As has been confirmed by the events of the last year, risks to an organization can come from any number of often unpredictable sources, and can result in an impact far more serious and long-lasting than anyone would have imagined. Relationships that up to now have been assumed to be secure, from banking relationships to the stability of a country’s financial system, have been called into question. From a business continuity perspective these escalating risks were highlighted by an article published in late December on Bloomberg.com (http://www.bloomberg.com/apps/news?pid=20670001&refer=&sid=a67TdTDZscbQ).
In the article, officials from several Japanese auto manufacturers and other industry experts expressed concern about the potential for “supplier shock” resulting from the problems facing the Big 3 U.S. auto makers. Disruptions to common suppliers resulting from the decline in business from a competitor such as General Motors could endanger the supply chain of otherwise stable manufacturers. Those considered particularly at risk, according to the article, are the smaller “…tier-two or tier-three suppliers that often fly under the radar…”
So what can be done from a business continuity perspective to help manage these expanding supply chain risks? Many organizations, as part of their business impact analysis process, identify supplier dependencies. Some make inquiries as part of the contracting process, usually through a questionnaire, to determine if key suppliers have continuity plans. Few, however, carry their analysis much further than that. In order to manage the business risk associated with a supply chain failure, more complete information is needed. New sources of surveillance and expertise that tap into all areas of your organization need to be identified, brought together and focused through a unified process. Regular reviews of key business partners’ financial health should be conducted on an annual basis, potentially by the CFO’s office or other internal finance professionals. At a minimum, reviews of financial statements of public companies should be a baseline part of the process. Smaller, and potentially more dangerous, privately held suppliers may require additional measures, including contract language and more collaborative relationships, to gain access to needed financial data. Beyond the financial stability of key suppliers, a more complete risk picture needs to be assembled to understand supplier risk. Additional sources of information or expertise could include some or all of the following:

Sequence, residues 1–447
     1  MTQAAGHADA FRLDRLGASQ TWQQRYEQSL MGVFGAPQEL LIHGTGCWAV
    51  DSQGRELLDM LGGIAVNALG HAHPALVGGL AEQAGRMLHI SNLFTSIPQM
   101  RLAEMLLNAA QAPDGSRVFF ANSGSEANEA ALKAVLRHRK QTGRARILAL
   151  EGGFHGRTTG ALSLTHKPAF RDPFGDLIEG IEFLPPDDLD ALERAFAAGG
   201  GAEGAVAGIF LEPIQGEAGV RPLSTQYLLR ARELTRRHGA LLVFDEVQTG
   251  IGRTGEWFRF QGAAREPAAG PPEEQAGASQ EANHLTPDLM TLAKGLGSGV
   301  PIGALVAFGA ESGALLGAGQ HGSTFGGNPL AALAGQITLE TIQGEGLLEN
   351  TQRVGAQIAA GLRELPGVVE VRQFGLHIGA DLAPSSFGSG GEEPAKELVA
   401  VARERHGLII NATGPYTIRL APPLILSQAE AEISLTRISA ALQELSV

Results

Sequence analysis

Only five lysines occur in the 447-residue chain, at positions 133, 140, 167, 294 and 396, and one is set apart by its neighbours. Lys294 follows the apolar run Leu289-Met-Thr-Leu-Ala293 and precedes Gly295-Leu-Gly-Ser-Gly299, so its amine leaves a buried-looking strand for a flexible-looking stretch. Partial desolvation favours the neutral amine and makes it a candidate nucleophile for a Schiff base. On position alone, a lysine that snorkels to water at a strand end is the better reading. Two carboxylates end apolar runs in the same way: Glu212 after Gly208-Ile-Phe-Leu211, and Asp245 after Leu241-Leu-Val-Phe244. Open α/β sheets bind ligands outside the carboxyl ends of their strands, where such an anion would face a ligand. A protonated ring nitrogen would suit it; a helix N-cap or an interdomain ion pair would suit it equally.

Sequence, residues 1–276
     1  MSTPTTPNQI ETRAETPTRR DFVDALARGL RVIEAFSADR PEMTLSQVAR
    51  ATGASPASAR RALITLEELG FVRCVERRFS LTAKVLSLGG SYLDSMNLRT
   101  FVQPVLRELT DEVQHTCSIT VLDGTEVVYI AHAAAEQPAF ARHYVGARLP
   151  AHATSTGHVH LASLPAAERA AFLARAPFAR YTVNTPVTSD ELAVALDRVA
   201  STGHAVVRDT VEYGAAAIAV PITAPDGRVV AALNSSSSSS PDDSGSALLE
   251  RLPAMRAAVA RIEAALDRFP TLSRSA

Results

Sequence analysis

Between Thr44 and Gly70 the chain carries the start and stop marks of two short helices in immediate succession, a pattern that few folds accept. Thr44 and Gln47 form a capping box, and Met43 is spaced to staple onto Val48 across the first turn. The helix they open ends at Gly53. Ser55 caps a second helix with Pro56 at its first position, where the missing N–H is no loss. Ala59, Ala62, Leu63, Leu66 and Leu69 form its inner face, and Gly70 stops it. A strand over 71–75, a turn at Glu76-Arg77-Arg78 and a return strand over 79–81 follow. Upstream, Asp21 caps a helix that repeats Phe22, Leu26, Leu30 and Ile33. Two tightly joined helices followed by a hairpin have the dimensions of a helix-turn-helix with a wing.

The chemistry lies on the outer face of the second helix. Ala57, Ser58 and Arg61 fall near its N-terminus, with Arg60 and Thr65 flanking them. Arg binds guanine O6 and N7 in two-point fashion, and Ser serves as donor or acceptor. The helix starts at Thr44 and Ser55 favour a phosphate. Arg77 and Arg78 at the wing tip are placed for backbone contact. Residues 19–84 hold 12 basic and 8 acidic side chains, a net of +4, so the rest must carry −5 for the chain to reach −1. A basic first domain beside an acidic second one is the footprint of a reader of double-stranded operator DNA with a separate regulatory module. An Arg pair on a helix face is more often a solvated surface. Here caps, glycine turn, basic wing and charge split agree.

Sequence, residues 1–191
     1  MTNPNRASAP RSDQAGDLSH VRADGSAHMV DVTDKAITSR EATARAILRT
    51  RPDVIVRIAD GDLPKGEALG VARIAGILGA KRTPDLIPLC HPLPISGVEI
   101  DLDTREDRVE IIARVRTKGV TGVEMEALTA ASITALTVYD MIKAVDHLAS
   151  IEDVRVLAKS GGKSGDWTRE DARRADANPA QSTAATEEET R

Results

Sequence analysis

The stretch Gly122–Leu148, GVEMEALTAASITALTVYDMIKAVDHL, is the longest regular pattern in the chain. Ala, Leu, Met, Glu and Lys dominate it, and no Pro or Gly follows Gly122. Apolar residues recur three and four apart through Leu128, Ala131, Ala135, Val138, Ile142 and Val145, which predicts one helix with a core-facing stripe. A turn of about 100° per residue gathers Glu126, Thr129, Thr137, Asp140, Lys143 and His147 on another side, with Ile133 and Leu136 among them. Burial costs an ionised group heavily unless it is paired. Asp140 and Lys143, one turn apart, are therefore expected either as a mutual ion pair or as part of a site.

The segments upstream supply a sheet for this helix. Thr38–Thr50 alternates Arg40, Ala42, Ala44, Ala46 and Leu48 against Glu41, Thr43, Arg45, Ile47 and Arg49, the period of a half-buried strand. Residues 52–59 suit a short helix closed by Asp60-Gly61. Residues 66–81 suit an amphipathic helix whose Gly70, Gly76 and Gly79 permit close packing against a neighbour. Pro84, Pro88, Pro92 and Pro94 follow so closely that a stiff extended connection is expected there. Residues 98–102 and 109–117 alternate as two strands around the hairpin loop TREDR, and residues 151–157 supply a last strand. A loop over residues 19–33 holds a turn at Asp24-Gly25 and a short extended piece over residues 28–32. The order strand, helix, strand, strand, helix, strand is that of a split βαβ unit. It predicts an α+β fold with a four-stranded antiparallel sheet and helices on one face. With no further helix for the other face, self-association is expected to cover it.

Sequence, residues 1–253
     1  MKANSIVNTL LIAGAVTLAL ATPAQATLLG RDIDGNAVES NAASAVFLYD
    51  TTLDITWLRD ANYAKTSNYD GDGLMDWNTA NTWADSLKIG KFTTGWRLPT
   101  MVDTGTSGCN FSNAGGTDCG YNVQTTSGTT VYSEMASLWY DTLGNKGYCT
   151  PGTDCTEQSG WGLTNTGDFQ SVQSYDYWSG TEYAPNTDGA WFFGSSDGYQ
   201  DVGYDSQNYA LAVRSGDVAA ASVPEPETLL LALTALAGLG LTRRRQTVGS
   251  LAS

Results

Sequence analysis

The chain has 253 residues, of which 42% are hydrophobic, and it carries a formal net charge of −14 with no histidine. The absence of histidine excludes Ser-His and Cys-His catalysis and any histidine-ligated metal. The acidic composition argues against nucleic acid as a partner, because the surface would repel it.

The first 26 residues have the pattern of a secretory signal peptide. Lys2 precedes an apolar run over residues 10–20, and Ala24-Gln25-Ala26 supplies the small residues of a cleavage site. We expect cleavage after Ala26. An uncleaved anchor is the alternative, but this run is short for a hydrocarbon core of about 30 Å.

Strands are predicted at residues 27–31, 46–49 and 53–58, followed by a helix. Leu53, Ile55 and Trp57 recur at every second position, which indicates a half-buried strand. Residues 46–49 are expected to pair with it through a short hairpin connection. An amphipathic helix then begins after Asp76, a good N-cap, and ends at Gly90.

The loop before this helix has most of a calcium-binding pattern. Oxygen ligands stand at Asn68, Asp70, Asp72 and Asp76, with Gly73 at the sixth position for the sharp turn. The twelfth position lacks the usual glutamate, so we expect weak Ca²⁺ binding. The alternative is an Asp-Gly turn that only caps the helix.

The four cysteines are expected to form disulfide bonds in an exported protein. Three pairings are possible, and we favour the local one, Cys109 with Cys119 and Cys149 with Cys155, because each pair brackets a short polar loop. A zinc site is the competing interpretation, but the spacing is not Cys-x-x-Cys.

Manufacturing might best understand the materials that your organization uses –
- Are they custom and/or single sourced?
- Are they commodities easily purchased from other sources?
- Who else uses these materials?
Supply chain or logistics entities would best understand the source and shipping issues related to key raw materials –
- Are there any potential logistics or shipping points of failure?
- Are there concentrations of suppliers in a particular country or region?
Marketing or sales might best understand the competitive landscape and how key competitors could impact your supply chain –
- Can they estimate the strength and stability of competitors who have similar products utilizing mutual suppliers?